Whitstable and Oare Marshes September 2019


Having decided to trust the weather forecast yesterday – “sunny spells, light rain” - we drove to Whitstable in "low cloud, heavy rain" convincing ourselves all the way that it would clear up. After a hearty full English breakfast, the rain still fell, so we curtailed the planned local walk along the coast towards Herne Bay and instead drove straight up to Oare Marshes, a lonely coastal nature reserve overlooking the Swale Estuary and the Isle of Sheppey. Our stoicism was rewarded - hundreds of black tailed godwits awaited our arrival. Still dodging showers and hunkering down in bird hides to keep out of the damp cold, we managed to spot a pretty reasonable list of soggy, feathered friends.

Here goes: reed bunting, coot, cormorant, crow, collared dove, dunlin, little egret, gadwall, black tailed godwit, goldfinch, black headed gull, herring gull, great black backed gull, heron, kestrel, lapwing, magpie, mallard, moorhen, redshank, ruff, snipe, starling, swallow, pied wagtail, wood pigeon - audible curlew.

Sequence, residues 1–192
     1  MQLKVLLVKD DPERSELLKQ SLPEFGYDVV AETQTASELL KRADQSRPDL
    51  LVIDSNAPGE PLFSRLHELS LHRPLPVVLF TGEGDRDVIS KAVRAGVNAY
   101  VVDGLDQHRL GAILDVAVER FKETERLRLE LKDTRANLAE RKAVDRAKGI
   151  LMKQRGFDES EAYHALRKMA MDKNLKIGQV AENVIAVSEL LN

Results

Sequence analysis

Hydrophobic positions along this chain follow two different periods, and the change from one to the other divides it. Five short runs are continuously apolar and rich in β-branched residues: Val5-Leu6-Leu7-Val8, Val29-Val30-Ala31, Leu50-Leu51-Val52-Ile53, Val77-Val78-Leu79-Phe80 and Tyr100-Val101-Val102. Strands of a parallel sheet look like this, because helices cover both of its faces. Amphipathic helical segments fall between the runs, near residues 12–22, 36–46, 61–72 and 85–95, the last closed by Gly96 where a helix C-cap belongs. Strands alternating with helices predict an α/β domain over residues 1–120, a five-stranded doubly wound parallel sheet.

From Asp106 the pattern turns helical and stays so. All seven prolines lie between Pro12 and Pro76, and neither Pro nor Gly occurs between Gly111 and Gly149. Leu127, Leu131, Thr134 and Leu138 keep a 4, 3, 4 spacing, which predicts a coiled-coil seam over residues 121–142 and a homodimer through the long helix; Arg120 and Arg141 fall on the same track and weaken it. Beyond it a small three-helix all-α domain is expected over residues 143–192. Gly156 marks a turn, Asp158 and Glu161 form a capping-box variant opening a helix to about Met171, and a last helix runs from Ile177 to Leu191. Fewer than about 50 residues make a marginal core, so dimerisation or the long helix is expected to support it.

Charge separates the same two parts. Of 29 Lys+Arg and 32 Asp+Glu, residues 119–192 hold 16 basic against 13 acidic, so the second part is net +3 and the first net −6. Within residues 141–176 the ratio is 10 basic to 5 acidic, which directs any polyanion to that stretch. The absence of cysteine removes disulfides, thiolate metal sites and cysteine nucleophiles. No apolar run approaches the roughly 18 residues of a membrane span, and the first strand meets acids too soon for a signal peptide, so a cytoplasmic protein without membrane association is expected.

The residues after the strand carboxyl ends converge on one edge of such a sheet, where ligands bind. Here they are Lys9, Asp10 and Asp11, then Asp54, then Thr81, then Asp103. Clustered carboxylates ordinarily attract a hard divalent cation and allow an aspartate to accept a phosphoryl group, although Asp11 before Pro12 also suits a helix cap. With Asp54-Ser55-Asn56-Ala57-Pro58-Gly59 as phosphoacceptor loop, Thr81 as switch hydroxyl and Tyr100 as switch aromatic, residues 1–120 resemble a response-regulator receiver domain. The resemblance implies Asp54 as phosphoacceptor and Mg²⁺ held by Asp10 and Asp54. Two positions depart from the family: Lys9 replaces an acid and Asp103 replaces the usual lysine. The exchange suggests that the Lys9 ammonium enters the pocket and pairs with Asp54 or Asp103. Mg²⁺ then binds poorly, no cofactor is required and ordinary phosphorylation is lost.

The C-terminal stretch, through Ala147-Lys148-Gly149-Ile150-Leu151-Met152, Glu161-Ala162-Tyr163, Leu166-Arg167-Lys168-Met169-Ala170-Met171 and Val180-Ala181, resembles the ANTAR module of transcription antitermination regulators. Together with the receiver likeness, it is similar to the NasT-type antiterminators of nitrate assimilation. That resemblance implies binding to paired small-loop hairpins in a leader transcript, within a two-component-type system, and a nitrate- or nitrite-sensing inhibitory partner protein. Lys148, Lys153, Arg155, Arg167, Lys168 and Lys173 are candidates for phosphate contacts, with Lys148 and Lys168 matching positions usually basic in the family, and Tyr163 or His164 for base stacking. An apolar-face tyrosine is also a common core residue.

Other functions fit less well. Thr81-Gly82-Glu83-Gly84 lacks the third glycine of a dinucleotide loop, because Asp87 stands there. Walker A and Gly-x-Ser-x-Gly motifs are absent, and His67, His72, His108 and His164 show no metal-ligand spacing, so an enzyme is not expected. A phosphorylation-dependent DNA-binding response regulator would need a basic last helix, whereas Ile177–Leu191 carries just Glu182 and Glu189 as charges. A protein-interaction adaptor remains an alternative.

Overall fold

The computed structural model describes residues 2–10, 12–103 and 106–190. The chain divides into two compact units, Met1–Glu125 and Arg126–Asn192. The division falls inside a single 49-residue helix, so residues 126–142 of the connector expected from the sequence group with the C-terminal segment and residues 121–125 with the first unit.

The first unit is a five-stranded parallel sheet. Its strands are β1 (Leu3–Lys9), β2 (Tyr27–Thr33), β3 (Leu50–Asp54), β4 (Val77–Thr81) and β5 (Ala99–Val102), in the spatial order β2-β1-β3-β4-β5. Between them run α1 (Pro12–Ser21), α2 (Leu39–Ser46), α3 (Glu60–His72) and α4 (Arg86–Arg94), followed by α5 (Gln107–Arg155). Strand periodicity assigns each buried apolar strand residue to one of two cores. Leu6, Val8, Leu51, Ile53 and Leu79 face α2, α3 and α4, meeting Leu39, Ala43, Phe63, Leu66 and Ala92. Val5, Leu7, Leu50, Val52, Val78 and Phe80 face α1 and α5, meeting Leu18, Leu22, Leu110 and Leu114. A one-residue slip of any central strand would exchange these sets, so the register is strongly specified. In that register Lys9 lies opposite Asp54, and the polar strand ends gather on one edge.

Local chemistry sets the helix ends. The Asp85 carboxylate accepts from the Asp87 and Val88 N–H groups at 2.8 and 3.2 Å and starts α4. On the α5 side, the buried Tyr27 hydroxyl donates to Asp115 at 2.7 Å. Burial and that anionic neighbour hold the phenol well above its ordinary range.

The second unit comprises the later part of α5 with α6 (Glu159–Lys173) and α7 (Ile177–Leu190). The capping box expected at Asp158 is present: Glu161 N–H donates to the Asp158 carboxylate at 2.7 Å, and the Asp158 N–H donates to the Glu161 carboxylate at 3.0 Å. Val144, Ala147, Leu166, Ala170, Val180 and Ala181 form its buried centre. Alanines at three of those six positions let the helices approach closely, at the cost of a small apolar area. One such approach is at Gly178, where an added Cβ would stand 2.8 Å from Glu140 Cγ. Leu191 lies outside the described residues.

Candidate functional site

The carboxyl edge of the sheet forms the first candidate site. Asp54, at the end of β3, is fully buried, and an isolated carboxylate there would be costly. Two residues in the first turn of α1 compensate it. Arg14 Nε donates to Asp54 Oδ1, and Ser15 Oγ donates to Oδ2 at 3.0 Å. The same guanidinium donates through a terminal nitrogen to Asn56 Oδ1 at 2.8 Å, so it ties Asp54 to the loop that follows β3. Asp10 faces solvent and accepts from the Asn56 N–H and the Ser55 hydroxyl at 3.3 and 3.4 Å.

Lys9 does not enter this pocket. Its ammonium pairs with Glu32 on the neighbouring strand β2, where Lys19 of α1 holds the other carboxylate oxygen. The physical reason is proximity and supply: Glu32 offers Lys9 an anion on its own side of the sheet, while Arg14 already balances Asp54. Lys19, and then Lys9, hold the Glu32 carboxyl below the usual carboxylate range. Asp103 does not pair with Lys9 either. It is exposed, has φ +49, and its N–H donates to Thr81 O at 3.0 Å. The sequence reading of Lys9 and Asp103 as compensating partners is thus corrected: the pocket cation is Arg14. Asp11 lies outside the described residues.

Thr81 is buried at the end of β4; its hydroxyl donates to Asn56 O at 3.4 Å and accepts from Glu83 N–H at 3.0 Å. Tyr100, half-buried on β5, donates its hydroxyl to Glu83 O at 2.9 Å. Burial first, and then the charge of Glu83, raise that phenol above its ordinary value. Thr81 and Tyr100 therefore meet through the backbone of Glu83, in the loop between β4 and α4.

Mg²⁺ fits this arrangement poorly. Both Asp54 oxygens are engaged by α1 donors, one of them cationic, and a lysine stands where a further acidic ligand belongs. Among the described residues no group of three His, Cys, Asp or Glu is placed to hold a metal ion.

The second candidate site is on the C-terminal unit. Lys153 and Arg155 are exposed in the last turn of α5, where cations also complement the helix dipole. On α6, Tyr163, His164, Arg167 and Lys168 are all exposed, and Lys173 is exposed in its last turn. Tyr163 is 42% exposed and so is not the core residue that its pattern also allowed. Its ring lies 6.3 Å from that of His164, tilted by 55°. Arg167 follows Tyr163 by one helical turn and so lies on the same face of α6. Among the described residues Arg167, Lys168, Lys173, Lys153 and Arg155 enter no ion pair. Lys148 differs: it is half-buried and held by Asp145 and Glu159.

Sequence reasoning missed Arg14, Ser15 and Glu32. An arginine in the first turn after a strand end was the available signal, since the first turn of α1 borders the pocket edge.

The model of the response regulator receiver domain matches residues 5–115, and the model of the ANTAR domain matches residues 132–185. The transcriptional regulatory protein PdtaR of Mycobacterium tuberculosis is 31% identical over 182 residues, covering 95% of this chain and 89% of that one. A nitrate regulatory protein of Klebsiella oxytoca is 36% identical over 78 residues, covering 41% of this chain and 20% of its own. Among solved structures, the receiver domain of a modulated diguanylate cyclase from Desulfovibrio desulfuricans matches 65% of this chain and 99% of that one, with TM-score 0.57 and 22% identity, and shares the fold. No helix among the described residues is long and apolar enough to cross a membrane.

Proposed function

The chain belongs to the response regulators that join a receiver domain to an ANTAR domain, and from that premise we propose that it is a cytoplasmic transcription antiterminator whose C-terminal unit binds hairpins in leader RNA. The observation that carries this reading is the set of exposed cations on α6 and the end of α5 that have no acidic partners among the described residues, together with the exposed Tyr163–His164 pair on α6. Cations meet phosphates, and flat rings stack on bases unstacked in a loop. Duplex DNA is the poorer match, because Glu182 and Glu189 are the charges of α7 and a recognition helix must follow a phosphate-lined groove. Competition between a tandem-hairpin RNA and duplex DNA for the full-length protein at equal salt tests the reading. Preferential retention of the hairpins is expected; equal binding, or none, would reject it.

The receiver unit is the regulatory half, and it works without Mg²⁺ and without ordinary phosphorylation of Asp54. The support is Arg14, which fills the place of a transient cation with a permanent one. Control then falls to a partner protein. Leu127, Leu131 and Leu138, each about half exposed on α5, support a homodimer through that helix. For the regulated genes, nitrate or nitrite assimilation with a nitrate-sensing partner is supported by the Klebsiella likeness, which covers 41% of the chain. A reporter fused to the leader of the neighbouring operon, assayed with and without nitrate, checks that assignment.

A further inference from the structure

The stars of the show were the ruff and snipe - both secretive waders, difficult to spot. Here are some facts about a snipe that you may not know:

"Its camouflaged concealment gave rise to the hidden "sniper"; and "gutter snipe" from its habit of foraging along the water's edge and "snipe" was a nickname for lawyers with their notoriously long bills! The snipe's bill at 3 inches is almost a third of its body length, its soft tip an engineering marvel of microscopic sensitised pads, which allows it to locate its sub-mud prey". "Churchill enjoyed a brace of snipe cold for breakfast with a pint of port and Sir Alec Douglas Home liked one for breakfast - cold with a poached egg and tea. Most guests were revolted by the snipe - with the beak poking through its chest - recalled his eldest daughter".

Much better to see them live, methinks. These are resident birds and their numbers swell during the winter when they are joined by birds from Eastern Europe looking for a bit of warmth believe it or not. The ruff (m) or reeve (f) is another unusual spot. These are currently on migration from eastern Europe down to southern Europe where they winter. Just a few breed in the south of England. The males display a remarkable "ruff" in their plumage in the mating season where they prance about in a "lek" rather like the black grouse.